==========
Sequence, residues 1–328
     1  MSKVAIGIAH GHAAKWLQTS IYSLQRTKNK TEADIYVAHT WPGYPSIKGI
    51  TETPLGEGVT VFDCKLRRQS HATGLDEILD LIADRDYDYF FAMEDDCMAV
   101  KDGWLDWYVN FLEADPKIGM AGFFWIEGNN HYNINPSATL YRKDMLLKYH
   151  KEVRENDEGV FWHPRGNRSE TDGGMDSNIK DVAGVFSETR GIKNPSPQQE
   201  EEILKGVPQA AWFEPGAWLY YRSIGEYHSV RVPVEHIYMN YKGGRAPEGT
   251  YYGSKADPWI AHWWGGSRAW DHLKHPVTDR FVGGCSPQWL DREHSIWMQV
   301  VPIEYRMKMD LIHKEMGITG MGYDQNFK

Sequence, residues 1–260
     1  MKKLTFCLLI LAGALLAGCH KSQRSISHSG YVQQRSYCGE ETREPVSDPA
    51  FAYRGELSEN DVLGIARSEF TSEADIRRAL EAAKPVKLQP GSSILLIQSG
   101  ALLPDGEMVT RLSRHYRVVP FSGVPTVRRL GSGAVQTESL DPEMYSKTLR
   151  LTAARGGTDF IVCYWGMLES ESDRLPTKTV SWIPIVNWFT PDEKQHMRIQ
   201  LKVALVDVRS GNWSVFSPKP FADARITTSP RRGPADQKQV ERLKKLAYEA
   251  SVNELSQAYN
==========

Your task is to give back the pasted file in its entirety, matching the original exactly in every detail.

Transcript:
Sequence, residues 1–328
     1  MSKVAIGIAH GHAAKWLQTS IYSLQRTKNK TEADIYVAHT WPGYPSIKGI
    51  TETPLGEGVT VFDCKLRRQS HATGLDEILD LIADRDYDYF FAMEDDCMAV
   101  KDGWLDWYVN FLEADPKIGM AGFFWIEGNN HYNINPSATL YRKDMLLKYH
   151  KEVRENDEGV FWHPRGNRSE TDGGMDSNIK DVAGVFSETR GIKNPSPQQE
   201  EEILKGVPQA AWFEPGAWLY YRSIGEYHSV RVPVEHIYMN YKGGRAPEGT
   251  YYGSKADPWI AHWWGGSRAW DHLKHPVTDR FVGGCSPQWL DREHSIWMQV
   301  VPIEYRMKMD LIHKEMGITG MGYDQNFK

Sequence, residues 1–260
     1  MKKLTFCLLI LAGALLAGCH KSQRSISHSG YVQQRSYCGE ETREPVSDPA
    51  FAYRGELSEN DVLGIARSEF TSEADIRRAL EAAKPVKLQP GSSILLIQSG
   101  ALLPDGEMVT RLSRHYRVVP FSGVPTVRRL GSGAVQTESL DPEMYSKTLR
   151  LTAARGGTDF IVCYWGMLES ESDRLPTKTV SWIPIVNWFT PDEKQHMRIQ
   201  LKVALVDVRS GNWSVFSPKP FADARITTSP RRGPADQKQV ERLKKLAYEA
   251  SVNELSQAYN